Super exercising your arms in an effort to slim them down doesn't work. To reduce arm flab, you must focus on reducing total body fat. You can accomplish this by creating a daily caloric deficit through diet and exercise. Exercise should include resistance training to stimulate muscle tissue and aerobic exercise to burn calories. When done correctly, this combination can reduce body fat and leave you with well-defined, slim arms that don't appear buff.
Eat fewer calories to contribute to your caloric deficit so you lose weight. Eat smaller portions and make healthy, low-calorie food choices. For example, eat frozen yogurt instead of ice cream, drink water instead of soda and consume broth-based soups instead of creamy soups. Aim for gradual weight loss of 1 to 2 pounds a week. Since there are 3,500 calories in 1 pound of fat, you must create a daily deficit of 500 to 1,000 calories to lose weight at the recommended rate. This gradual weight loss is easier to keep off and gives you enough time to get used to the lifestyle changes you're making to reduce your weight.
Emphasize a healthy diet that includes all the basic food groups. Include protein from sources, such as lean meats, fish, nuts, and beans; eat veggies, fruits and whole grains, such as oatmeal and whole-wheat bread; consume dairy that's fat-free or low-fat; and limit unsaturated fats, sugar, cholesterol and salt.
Perform moderate cardiovascular exercise to burn calories that contribute to weight loss. Cardio is a great calorie burner, more so than strength training. Engage in cardio that engages your upper and lower body so you optimize your caloric burn. For example, take a cardio-kickboxing class, walk briskly or jog while pumping your arms back and forth, jump rope, use an elliptical machine with moving handles or play tennis. In 30 minutes, a 155-pound person can burn about 260 calories by rowing or playing tennis; 335 calories by pedaling on an elliptical machine; and 372 calories by jumping rope.
Incorporate strength training on two to three nonconsecutive days of the week. Strength training tones and stimulates muscle tissue, which boosts your metabolism, making you burn more calories. Your increased metabolism won't be enough to get the calorie deficit that's needed to lose weight, but it can help. Work your major muscle groups with compound and combination exercises, such as bench presses, crunches, squats with shoulder presses, step-ups with front raises, lat pull-downs and bent-over rows. Include targeted exercises in your strength-training routine to work your arm muscles under the fat. When your excess arm fat reduces, these exercises will ensure you'll have some muscle definition. Perform triangle pushups, bench dips, and triceps kickbacks, which according to research by the American Council on Exercise, are the best exercises for your triceps at the back of your upper arms. Include biceps curls and hammer curls to work the front of your upper arms, so you create an even muscular balance.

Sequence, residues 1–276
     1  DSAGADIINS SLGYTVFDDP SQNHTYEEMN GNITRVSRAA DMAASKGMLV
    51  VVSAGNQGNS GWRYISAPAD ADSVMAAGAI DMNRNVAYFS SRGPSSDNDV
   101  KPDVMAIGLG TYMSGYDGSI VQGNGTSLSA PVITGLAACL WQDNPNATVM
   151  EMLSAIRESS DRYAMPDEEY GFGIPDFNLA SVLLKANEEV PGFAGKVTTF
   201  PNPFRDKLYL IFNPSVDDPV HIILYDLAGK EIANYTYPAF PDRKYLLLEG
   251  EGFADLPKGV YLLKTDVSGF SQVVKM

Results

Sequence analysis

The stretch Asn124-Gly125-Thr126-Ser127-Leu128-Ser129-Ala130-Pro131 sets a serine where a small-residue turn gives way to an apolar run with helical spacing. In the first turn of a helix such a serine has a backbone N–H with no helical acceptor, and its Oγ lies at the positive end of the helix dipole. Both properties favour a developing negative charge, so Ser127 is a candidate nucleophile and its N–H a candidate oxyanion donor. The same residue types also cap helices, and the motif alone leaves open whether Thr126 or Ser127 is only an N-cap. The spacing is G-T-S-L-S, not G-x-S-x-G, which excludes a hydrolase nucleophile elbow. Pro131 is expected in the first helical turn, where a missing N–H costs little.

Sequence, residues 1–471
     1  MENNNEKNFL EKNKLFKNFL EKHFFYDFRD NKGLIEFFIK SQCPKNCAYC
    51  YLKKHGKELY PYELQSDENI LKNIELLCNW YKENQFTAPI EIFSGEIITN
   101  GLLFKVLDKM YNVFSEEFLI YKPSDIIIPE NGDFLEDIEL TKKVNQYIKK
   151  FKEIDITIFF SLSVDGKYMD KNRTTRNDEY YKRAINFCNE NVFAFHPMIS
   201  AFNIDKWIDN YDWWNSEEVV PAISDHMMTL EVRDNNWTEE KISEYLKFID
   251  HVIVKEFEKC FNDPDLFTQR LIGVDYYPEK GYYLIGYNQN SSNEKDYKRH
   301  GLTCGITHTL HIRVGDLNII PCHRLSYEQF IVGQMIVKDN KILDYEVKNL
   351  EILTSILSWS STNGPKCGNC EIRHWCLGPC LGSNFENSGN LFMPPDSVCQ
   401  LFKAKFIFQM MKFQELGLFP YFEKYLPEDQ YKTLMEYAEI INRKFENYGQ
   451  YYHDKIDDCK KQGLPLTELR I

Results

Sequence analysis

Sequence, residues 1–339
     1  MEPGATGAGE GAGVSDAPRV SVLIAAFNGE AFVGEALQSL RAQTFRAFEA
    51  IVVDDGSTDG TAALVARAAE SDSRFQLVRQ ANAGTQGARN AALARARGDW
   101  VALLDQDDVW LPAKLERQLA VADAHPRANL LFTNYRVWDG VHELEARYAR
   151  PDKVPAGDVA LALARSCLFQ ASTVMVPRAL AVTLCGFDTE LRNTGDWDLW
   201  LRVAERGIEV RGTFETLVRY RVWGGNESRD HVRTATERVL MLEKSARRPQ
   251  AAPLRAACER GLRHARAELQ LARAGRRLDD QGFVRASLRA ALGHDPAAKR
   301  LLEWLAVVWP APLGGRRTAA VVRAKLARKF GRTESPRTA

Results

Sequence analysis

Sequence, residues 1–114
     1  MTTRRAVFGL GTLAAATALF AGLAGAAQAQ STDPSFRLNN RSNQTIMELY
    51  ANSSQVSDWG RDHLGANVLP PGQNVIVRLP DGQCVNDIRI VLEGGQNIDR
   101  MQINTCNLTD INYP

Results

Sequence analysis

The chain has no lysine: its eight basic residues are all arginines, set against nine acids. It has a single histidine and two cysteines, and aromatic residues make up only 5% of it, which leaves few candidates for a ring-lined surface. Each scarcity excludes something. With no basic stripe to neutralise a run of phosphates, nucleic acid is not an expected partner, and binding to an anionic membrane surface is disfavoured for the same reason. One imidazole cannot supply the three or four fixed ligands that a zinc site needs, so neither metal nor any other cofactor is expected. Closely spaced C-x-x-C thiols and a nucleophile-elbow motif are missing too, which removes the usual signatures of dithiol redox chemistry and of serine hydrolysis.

Use either light or heavy resistance during strength-training exercises that require weights. This will provide muscle tone, but won't make you appear buff. According to Jessica Matthews, an exercise scientist and ACE-Certified Personal Trainer, using heavy weight and low reps that fatigue your muscles in 30 seconds can have a strengthening and toning -- not bulking -- effect, as can using light weights and heavy reps that fatigue your muscles in 90 seconds. Start with one set, and as your muscles get stronger, slowly add a second and third set.
- Effective Strength Training; Douglas Brooks
- U.S. Department of Health and Human Services: Aim for a Healthy Weight
- American College of Sports Medicine: ACSM Issues New Recommendations on Quantity and Quality of Exercise
- Ask the Trainer: Exercises for Losing Weight
- Harvard Health Publications: Calories Burned in 30 Minutes for People of Three Different Weights
- American Council on Exercise: Terrific Triceps
- American Council on Exercise: High Reps and Light Weights vs. Low Reps and Heavy Weights?